The apprenticeship levy, identified by ICAEW as by far the biggest revenue raiser in the Chancellor’s autumn statement with expectations of £3b for Treasury coffers, is under attack from businesses as a disguised form of payroll tax
George Osborne said the levy will raise £3bn a year by 2020/2021, and will be used to fund 3m apprentices in the workplace by 2020, up from 2m currently.
It will be set at 0.5% of an employer’s payroll costs, with an additional £15,000 allowance for each employer which can be used to offset the levy, with Osborne saying this meant that 98% of employers would not be affected by the new charge.
The levy will be collected via PAYE alongside income tax and national insurance contributions. A connected persons rule will apply, similar to the employment allowance connected persons rule, to ensure that employers with multiple payrolls can only access one £15,000 allowance. The payroll cost will be based on earnings, excluding benefits in kind.
ICAEW’s calculations show the apprenticeship level will impact employers with a payroll over £3m from April 2017.
Reaction to the news of the levy has been largely hostile, with concerns raised about the administrative burden and whether the money raised will be used to create a more skilled workforce.
Tim Walford-Fitzgerald, tax principal, HW Fisher & Company, said: ‘"National insurance has never officially been a tax. However, we now have a further increase, which is neither tax nor national insurance, in the shape of the 0.5% Apprenticeship Levy. "Whatever it is called, it will certainly feel like a further employment tax for larger businesses.’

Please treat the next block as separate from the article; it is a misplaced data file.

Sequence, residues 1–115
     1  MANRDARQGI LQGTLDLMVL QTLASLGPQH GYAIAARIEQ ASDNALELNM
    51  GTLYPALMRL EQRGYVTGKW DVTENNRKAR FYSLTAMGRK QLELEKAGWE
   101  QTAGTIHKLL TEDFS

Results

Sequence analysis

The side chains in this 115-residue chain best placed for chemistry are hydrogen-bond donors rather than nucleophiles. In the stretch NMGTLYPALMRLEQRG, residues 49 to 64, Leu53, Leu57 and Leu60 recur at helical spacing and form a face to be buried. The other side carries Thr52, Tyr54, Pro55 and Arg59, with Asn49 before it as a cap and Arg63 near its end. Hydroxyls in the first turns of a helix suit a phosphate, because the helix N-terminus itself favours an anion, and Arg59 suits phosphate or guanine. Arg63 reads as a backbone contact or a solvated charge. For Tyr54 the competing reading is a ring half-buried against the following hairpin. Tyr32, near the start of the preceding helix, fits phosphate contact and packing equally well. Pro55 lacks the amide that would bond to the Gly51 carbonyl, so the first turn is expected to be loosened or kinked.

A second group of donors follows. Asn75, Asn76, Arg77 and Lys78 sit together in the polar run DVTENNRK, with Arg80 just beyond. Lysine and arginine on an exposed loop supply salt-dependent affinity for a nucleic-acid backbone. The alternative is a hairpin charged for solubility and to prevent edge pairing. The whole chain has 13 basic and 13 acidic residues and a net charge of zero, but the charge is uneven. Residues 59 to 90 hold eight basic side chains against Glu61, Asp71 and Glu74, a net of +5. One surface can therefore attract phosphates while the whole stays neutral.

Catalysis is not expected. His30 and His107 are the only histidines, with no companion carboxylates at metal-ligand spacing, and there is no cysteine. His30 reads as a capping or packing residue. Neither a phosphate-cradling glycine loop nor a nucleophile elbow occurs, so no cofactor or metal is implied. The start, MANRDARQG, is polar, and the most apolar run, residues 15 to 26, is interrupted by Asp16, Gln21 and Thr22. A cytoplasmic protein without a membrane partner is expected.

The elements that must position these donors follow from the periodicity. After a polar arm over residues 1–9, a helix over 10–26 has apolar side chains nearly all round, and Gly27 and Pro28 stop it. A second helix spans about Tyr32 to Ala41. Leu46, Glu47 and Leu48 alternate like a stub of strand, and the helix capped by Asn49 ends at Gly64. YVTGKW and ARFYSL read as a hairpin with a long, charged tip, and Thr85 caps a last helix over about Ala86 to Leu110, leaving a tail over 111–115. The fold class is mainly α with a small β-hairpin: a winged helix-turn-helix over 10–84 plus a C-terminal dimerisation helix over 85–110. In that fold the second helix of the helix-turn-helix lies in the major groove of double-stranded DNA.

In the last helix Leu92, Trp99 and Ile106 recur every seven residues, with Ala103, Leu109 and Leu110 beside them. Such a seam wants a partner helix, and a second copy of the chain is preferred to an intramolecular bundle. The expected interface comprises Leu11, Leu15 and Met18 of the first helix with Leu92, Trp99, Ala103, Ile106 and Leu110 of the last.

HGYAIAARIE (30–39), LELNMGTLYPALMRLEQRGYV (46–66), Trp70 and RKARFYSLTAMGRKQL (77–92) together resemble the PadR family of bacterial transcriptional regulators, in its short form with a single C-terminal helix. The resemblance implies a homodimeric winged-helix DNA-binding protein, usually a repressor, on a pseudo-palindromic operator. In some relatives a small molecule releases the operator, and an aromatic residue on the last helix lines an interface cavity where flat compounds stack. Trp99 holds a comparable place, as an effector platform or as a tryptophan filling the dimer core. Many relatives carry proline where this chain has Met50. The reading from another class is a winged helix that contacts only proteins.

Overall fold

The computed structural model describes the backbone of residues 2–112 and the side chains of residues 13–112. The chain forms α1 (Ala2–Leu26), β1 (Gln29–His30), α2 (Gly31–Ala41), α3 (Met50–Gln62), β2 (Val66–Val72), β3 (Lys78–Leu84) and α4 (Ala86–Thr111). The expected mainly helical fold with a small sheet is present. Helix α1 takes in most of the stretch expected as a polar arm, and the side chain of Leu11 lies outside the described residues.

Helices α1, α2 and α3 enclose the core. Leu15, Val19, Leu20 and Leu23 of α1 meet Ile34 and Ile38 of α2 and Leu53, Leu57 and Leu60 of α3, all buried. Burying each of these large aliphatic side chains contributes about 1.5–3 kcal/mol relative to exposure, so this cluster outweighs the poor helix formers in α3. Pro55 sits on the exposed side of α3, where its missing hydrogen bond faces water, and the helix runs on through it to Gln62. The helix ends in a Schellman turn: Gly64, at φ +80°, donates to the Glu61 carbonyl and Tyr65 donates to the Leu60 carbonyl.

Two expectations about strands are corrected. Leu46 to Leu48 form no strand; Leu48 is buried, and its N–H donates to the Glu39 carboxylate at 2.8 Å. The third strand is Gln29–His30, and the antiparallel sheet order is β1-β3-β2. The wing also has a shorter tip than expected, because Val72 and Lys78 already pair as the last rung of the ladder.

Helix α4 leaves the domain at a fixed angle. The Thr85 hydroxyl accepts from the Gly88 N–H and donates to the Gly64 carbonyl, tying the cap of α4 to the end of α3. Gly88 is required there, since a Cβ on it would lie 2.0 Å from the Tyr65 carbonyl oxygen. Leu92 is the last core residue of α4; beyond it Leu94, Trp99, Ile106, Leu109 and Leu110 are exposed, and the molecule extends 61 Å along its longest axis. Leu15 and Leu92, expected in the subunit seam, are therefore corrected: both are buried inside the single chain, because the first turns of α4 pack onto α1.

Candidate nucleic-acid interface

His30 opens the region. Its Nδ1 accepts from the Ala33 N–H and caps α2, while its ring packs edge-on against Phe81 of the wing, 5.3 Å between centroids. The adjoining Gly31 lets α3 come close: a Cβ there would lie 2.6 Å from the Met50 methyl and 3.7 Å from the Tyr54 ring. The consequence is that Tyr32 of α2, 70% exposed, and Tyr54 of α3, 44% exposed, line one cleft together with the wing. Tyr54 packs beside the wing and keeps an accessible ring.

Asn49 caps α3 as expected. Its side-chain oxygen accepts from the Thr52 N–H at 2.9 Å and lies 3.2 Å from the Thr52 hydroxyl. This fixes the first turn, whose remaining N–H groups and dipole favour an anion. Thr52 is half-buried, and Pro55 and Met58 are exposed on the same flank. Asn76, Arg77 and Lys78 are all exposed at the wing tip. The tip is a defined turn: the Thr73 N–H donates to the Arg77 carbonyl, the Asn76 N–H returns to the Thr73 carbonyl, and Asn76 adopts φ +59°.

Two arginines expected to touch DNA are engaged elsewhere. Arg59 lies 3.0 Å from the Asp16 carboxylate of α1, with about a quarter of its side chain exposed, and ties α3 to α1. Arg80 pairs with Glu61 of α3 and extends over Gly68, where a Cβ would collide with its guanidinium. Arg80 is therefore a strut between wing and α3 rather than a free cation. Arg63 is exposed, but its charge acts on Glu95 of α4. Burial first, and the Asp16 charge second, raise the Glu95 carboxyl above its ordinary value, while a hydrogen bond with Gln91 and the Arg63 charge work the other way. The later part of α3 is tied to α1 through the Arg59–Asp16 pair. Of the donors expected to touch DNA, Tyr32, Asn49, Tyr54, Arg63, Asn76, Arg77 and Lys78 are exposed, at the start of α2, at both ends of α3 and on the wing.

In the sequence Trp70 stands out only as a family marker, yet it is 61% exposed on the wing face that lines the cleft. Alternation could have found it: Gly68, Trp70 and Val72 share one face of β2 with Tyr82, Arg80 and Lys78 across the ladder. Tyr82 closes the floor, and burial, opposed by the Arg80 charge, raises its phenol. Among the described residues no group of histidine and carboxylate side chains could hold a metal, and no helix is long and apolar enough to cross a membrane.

Simon Walker, Director General of the IoD, agreed, describing the apprenticeship levy as ‘the major business tax announcement of this autumn statement’, and claiming it represents a new payroll tax.
‘At 0.5% of payroll it will be a big new cost for many companies, including medium-sized ones. We are very concerned by the government’s assumption that a quarter of the money collected will be spent on just administering the levy. Firms have been promised they will get back more than they put in, but it’s not clear how this will happen if so much is being lost in bureaucracy,’ Walker said.
John Harding, employment tax partner at PwC, expressed surprise that the levy is being introduced as quickly as April 2017, and said more detail was needed.
‘For many large businesses the 0.5% payroll levy will be far higher than the costs of the number of apprenticeships they currently offer. Unless larger businesses can reap the benefits of apprenticeships in other parts of their supply chain, this will simply be a payroll tax for them, ‘ Harding said.
He argued that small businesses will be the main winners from the apprenticeship levy as, in practice, businesses with broadly less than 100 employees will largely be exempt from the cost of the levy.
Stephen Ibbotson, ICAEW director of business, said: ‘We finally have clarity on which businesses will be affected and how. Smaller businesses have been protected and should benefit from further investment in apprenticeships. There will be a charge of 0.5% of the payroll cost but because of the threshold it will only be businesses with a payroll greater than £3m. This will raise £3bn – will all of this be invested in apprenticeships?'
For his part, Chas Roy-Chowdhury, ACCA head of taxation said: ‘The new 0.5% levy is ripe for future tax hikes we need to be cautious around any “mission creep” on the levy. It might be increased in future years and all the funding received from it should be ring-fenced and any surpluses solely used for future apprenticeships.’
In addition, Moira Kelly, chairman of CIOT’s Scottish technical committee, pointed out that the Chancellor’s move would have implications for Scotland under the new devolved arrangements. ‘The burden of payment of apprentices is being shifted from the public purse to individual companies, and as a consequence, the relevant budget in the UK will be reduced and there will be a consequential effect on the Scottish budget,’ Kelly said.
The legislation for the levy will be included in Finance Bill 2016, with more detail expected on 9 December.
Sign up to our newsletter
If you would like to receive regular news alerts about breaking news and developments in tax, accounting and audit, sign up to receive our free newsletter here